• Paul March is an English artist based in Geneva. He currently works mainly with clay, which he uses to explore ambiguity and indeterminacy using primitive and strangely elegant forms.

    A previous career as a clinical psychologist specialising in neuropsychology left him with an enduring fascination with how the brain perceives objects. And so, as an artist he became interested in creating objects that defied categorization. In so doing he was increasingly convinced that the act of creation occurs, not in the brain but in the part of the world where the hand touches the clay. He is now using art as a tool of research to try and establish the whereabouts of creation and sensation. As part of this endeavour he is studying part-time for a DPhil (archeology) at the University of Oxford

    The sensation of ambiguity, at both the visual and conceptual level, often coupled with the absurd, also runs through his earlier works in other media, including painting, photography, drawing and three dimensional installations. (See below for “A conversation with the artist”, February 22, 2013)

    He studied fine art at the Geneva University of Art and Design (HEAD) from 2001-2004; and ceramics and polymerization from 2009-2010 at the Centre d’Expérimentation et de Réalisation en Céramique Contemporaine in Geneva.

    Et en français.....

    Paul March est un artiste anglais basé à Genève. Actuellement, il travaille principalement l'argile dont il se sert pour explorer l'ambiguïté à travers des formes primitives et étrangement élégantes.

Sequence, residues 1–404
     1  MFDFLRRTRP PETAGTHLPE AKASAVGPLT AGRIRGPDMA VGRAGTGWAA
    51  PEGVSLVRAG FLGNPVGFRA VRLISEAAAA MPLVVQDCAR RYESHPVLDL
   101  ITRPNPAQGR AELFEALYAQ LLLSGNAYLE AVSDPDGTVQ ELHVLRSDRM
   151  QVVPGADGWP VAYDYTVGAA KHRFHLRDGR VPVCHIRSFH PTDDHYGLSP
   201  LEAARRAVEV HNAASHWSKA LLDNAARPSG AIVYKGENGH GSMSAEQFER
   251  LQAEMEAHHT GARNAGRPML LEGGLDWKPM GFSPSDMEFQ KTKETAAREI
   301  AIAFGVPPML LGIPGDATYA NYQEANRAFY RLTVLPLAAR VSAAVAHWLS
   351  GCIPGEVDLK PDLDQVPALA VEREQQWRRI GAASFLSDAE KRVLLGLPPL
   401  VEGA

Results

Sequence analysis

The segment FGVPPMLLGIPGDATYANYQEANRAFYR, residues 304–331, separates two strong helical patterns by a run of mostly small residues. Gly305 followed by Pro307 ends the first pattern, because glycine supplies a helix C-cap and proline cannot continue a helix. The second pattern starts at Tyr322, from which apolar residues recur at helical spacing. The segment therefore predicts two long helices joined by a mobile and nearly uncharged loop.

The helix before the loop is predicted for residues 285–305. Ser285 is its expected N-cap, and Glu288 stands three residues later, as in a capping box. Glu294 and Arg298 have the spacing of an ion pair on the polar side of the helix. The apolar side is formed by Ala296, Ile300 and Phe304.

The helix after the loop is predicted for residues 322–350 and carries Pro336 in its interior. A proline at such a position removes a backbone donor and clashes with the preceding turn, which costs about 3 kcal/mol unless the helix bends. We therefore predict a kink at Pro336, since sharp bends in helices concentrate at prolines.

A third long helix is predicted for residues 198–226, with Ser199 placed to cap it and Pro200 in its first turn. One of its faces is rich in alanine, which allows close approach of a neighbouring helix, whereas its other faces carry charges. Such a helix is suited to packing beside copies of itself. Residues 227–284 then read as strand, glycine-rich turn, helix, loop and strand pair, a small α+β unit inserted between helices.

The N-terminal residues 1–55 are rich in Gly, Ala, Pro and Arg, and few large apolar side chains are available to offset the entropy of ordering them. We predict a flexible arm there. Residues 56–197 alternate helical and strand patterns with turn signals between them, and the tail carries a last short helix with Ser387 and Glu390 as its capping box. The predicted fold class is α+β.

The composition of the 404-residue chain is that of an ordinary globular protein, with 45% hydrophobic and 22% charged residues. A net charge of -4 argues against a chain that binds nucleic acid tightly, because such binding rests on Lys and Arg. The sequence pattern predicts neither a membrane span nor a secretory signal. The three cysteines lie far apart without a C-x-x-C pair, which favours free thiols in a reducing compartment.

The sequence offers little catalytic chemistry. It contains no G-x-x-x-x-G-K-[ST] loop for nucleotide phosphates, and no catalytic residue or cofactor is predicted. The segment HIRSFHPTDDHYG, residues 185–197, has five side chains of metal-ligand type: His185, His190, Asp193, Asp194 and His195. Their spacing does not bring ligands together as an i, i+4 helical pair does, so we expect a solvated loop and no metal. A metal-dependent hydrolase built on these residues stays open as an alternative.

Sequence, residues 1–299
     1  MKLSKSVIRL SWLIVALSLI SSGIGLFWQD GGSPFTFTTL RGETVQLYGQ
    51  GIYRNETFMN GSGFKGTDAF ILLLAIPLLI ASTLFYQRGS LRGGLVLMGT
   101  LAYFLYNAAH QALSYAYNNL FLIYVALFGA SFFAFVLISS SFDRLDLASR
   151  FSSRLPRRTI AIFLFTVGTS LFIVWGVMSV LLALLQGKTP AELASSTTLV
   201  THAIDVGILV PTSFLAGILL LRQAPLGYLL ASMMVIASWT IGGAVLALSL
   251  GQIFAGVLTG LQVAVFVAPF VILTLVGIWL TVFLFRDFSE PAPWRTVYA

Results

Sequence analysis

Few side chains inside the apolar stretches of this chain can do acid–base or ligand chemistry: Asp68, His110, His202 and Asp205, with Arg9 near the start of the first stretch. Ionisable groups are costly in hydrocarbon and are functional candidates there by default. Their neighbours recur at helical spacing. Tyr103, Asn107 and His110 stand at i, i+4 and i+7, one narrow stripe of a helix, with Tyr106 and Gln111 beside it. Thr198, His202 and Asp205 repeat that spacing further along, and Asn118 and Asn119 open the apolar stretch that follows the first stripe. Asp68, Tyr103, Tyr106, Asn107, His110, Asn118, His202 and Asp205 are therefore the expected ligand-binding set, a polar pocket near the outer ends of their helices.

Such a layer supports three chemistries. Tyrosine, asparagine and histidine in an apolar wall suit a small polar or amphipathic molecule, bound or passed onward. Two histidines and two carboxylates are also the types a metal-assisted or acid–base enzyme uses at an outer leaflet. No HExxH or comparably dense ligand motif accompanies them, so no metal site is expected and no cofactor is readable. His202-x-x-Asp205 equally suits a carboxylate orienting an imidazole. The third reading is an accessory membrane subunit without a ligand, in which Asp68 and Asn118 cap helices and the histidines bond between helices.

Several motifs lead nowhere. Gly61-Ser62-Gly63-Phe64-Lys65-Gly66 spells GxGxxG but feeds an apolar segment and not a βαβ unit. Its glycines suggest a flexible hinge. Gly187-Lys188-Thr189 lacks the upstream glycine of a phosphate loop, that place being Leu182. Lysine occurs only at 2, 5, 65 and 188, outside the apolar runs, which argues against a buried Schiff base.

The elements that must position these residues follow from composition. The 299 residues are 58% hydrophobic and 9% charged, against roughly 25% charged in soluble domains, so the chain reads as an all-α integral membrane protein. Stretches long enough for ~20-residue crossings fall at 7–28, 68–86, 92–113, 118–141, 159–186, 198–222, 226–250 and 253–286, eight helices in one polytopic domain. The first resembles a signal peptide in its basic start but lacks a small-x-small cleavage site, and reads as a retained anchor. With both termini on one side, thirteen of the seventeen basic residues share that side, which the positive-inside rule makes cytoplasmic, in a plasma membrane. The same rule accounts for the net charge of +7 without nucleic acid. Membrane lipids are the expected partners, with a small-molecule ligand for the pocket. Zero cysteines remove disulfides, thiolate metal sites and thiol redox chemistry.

Précédemment psychologue clinicien spécialisé en neuropsychologie, cette carrière lui a laissé une fascination durable avec la façon dont le cerveau perçoit les objets- En tant qu’artiste, c’est ce qui se cachait derrière sa recherche de créations d’objets défiant la catégorisation. Au travers son travail artistique il devient de plus en plus convaincu que l’acte de la création se passe, ne pas dans le cerveau, mais dans le monde – précisément ou les mains touchent la terre. Actuellement il se sert de l’art comme outil de recherche pour établir la location spatiale de la création et de la sensation. C’est pour cela qu’il à recommencer ses études en faisant a mi-temps un Doctorat (archeologie) à l' University of Oxford

    La sensation de l’ambiguïté, à la fois au niveau visuel et conceptuel, souvent couplé avec l’absurde, traverse également ses premiers travaux dans d’autres médias, y compris la peinture, la photographie, le dessin et des installations en trois dimensions.

    De 2001 à 2004. Il a étudié les beaux-arts à la Haute Ecole d'Art et de Design (HEAD) à Genève ; et en 2009-2010 la céramique et polymérisation au Centre d’Expérimentation et de Réalisation en Céramique Contemporaine de la HEAD.

    Individual Exhibitions

    -Invited artist Artgenève